I think it is probably worth clarifying that if these photographs are in the public domain, then the issue to be resolved has nothing to do with copyright, but everything to do with access. The issue is the same as you or I being charged to enter a National Trust property which was previously left to the nation by its former owner. The charges (or in your case, the fees) are raised in order to cover administrative costs - which is why I said I thought £200-300 seemed excessive.

Ultimately, the owner (or curator) of any object can set their own rates for allowing access to that object and the normal rules of supply and demand should operate. But I find it odd that the museum have gone along with this interview, presumably in full knowledge of what it was intended for, without having first negotiated the fees.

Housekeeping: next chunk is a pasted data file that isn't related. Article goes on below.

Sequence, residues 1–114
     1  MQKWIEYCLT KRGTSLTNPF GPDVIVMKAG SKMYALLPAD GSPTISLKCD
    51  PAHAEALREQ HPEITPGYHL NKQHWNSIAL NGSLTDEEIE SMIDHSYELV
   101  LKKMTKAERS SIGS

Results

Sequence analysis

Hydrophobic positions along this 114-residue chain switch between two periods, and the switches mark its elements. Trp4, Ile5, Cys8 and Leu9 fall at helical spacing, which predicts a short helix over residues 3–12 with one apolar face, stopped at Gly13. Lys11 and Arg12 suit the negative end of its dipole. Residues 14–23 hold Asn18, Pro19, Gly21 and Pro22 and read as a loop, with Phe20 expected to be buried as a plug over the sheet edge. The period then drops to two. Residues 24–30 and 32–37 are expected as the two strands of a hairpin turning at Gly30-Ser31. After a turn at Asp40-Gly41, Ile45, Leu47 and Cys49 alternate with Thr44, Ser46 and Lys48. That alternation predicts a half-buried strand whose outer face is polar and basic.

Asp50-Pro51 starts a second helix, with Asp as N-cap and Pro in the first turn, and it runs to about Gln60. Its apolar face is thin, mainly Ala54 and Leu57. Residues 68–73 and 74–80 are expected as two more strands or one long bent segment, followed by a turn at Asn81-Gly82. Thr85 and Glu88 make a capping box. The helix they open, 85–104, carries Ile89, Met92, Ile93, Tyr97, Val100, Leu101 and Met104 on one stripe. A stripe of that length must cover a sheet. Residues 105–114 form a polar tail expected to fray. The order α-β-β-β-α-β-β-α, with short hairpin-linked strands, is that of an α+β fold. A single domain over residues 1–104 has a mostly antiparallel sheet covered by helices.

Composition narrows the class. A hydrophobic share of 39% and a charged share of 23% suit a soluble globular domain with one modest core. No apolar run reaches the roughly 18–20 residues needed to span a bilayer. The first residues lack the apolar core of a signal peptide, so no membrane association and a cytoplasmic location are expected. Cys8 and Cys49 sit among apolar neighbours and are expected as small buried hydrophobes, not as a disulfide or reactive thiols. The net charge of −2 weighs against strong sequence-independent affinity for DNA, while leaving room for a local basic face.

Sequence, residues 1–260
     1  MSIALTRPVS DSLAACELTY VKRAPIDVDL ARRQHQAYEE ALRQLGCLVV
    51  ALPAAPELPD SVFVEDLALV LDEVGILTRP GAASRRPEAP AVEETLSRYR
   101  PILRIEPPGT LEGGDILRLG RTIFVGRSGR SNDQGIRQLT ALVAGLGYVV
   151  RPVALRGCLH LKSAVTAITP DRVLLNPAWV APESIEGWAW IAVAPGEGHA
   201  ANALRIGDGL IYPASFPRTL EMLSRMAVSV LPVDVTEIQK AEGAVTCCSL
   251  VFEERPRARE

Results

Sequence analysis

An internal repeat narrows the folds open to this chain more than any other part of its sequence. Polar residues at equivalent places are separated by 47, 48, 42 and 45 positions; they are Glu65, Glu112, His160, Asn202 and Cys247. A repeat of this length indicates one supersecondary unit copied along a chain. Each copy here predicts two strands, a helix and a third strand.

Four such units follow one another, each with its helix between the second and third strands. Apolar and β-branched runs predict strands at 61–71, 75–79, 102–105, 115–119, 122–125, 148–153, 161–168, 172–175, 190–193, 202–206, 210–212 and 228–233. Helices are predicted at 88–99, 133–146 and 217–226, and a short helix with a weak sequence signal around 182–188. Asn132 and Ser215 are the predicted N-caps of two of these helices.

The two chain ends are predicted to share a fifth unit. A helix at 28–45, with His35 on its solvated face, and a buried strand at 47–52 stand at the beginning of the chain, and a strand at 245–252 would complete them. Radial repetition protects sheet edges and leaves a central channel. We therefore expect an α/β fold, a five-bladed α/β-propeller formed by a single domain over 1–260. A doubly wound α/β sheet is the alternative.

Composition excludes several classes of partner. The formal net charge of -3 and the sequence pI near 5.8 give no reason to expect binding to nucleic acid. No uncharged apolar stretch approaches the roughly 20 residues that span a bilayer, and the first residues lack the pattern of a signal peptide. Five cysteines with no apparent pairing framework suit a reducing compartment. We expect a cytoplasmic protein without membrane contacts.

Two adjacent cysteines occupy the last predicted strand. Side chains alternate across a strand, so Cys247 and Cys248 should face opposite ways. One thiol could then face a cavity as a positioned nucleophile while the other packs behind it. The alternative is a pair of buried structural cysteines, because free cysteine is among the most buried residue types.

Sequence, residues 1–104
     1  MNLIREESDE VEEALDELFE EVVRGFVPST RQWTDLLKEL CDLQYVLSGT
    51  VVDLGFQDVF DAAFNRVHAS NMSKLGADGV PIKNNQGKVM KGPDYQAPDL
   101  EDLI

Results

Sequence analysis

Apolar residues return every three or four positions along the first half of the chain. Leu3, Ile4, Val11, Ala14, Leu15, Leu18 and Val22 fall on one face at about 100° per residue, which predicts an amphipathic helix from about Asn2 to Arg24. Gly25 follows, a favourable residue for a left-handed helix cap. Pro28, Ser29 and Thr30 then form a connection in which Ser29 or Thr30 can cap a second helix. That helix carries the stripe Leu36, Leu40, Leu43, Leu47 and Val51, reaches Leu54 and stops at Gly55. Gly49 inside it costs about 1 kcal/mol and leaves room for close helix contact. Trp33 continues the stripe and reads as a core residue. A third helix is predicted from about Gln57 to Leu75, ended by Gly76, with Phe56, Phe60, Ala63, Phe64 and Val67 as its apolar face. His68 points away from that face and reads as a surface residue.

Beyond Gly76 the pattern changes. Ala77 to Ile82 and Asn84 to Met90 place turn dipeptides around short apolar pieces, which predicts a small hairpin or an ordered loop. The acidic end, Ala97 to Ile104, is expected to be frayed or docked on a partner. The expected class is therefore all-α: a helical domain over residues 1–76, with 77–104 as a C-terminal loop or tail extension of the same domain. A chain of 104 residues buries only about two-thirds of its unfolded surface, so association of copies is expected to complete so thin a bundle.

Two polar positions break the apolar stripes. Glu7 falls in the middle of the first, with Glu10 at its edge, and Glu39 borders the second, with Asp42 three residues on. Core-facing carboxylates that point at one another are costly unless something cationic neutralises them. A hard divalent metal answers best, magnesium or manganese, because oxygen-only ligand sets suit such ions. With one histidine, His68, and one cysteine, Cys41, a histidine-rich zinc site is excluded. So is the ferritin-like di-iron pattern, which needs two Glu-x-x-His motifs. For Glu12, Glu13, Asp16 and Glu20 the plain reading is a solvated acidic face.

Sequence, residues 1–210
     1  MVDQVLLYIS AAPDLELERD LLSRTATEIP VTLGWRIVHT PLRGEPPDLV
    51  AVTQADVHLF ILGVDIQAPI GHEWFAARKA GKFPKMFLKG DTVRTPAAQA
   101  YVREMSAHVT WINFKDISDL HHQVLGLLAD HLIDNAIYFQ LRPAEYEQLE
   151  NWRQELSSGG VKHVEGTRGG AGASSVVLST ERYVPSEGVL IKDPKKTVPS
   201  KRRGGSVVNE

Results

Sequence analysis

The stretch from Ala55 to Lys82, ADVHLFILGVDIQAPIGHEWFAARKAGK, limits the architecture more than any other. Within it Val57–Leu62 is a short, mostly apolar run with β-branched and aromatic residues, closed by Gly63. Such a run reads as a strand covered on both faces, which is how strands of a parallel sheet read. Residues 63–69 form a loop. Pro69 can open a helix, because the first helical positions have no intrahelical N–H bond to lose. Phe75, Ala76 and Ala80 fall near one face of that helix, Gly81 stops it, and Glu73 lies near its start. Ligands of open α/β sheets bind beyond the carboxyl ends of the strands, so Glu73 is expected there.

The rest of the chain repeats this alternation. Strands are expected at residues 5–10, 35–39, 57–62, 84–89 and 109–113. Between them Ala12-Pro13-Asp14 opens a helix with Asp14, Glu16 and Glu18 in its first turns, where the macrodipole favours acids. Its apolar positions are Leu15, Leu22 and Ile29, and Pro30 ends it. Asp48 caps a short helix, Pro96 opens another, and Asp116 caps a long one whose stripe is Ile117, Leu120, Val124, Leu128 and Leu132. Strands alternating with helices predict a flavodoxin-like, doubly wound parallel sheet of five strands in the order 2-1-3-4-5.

In theory, if you have the footage and are no longer on the premises, it is up to the museum to chase you and if you refuse to pay, for them to consider litigation. That way the dispute can be tested in court or at arbitration, where I think you have a very good chance of winning because the museum failed to make it clear from the outset that there would be fees involved. However that is an observation based on what you have told us here, and you would need to get proper legal advice before going down that route, which is clearly outside the scope of what we try to provide here on CopyrightAid.

If you discover that the museum are basing their demand for fees on a mistaken understanding of copyright, then again you could walk away and leave them with the decision over litigation, which they will soon discover they cannot win, based on the facts as provided here.
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BenV
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PostPosted: Sat Feb 21, 2015 12:25 pm    Post subject: Reply with quote